Content-wise, the biggest addition is that the re-release offers an impressive roster of 48 current and past tennis pros – including all the post-release DLC players and a handful of brand new ones. The ‘legends’ are a bit underwhelming with players like Safin and Kuerten rather than Sampras, McEnroe or Borg, and the current batch doesn’t include the Williams sisters or Djokovic, but hopefully the Tennis World Tour brand will grow and incorporate more big names in the future.
That also goes for licensed tournaments, because although there are plenty of real players in the game you still have to play “London” rather than “Wimbledon” – though the ATP Cup is a new licensed addition. It’s also worth pointing out that the licensed players now have signature moves, making the animations look more like the real deal rather than copy-paste jobs. Of course this is most apparent when playing with the big names where their style really stands out, but it’s a step forward – one that existing owners on other platforms are also getting, by the way.
Tennis World Tour 2 gets the next gen treatment for the complete edition as well, and includes the usual features of faster loading times, higher (4K) resolutions and a stable 60 fps framerate. What we thought made the game look especially good, however, were the raytracing effects and particle effects. The latter are especially clear on certain surfaces, and show up better on grass and clay courts than they do on hardcourt surfaces. Character models may still not look as lifelike as those in a game like NBA 2K21 on next gen, but with the new upgrades Tennis World Tour 2 certainly is the most visually impressive tennis game we’ve seen so far.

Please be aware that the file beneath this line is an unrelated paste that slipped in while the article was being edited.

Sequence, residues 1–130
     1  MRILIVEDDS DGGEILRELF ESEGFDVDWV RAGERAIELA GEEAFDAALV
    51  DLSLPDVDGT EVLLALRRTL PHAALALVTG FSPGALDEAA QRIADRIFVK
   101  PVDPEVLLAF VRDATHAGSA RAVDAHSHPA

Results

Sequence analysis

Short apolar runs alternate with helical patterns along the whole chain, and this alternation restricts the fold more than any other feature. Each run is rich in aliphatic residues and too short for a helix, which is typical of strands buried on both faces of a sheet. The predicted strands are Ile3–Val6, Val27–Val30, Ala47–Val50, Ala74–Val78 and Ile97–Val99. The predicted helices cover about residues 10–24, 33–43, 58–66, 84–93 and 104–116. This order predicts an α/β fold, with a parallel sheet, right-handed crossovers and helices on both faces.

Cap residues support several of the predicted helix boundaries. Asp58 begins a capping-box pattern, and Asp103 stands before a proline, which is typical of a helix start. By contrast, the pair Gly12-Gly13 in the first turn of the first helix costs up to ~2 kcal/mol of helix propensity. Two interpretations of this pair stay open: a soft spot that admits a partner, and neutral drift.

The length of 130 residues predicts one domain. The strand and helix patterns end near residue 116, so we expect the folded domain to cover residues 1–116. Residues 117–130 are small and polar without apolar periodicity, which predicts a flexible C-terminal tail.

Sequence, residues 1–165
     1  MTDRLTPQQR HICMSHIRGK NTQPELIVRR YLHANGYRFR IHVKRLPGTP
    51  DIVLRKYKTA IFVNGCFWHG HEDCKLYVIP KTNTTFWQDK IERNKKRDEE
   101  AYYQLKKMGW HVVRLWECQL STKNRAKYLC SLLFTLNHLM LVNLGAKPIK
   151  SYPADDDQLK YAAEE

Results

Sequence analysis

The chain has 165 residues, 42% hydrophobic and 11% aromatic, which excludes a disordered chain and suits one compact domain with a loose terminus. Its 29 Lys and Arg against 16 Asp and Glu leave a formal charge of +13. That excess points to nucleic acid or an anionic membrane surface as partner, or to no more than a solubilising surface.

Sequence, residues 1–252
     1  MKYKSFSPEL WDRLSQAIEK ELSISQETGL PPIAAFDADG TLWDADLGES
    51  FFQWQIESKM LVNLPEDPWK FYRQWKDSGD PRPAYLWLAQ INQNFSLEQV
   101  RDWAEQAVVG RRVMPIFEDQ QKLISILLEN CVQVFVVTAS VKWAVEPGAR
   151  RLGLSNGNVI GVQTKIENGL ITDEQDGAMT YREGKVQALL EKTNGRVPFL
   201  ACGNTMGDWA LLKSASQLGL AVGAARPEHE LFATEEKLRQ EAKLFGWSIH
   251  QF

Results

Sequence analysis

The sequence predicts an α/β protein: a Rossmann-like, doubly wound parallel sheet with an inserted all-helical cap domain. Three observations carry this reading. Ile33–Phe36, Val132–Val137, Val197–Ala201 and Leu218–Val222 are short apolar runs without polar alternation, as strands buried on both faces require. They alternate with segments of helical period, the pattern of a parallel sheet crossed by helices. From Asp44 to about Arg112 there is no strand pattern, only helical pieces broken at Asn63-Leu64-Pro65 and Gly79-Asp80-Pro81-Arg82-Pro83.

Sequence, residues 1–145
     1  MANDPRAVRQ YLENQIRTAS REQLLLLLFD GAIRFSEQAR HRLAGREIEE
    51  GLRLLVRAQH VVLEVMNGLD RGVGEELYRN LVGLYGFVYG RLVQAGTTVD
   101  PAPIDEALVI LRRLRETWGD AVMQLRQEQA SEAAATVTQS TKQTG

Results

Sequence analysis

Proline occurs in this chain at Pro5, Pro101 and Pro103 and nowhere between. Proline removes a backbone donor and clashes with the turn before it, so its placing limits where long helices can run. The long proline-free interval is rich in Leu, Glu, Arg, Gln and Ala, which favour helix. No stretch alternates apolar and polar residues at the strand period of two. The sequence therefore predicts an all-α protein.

Hellbreachers coming to consoles
Eastasiasoft is still on a roll when it comes to bringing niche indie titles to console platforms, and Hellbreachers is their next release – out soon for all major consoles after having previously been launched on Steam by developer OMEGACORE.
As with a lot of Eastasiasoft’s recent indie releases, Hellbreachers features a retro aesthetic that sits somewhere in between the 8-bit and 16-bit generations of consoles. Picture the flat surfaces and rectangle-filled levels of 8-bit platformers and the visually more detailed characters of the 16-bit generation, and you’re on your way.
Based on its title, we expected Hellbreachers to be a lot darker and filled with more occult stuff than it is – it instead sticks to a familiar 2D retro action platformer formula with subtle RPG influences implemented into it. It gives you a choice between three starting characters that determines your base skillset, which you can then tune to emphasize specific abilities. In other words, you can tune your knight to be extra strong in melee combat or add more agility in combat – and you can do the same when you play as the magician or assassin.
Across the game’s 50 levels, which feature 10 boss fights and are spread across 10 different areas/backdrops, you can change your character’s abilities at any given time, redistributing your strengths – something that helps in finding your desired playstyle but is actually supremely useful during boss fights, and a nice novel touch in a genre filled with generic clones. It’s being released at a very budget-friendly price point as well, so Hellbreacher is one to check out if you’re a fan of indie titles like this one.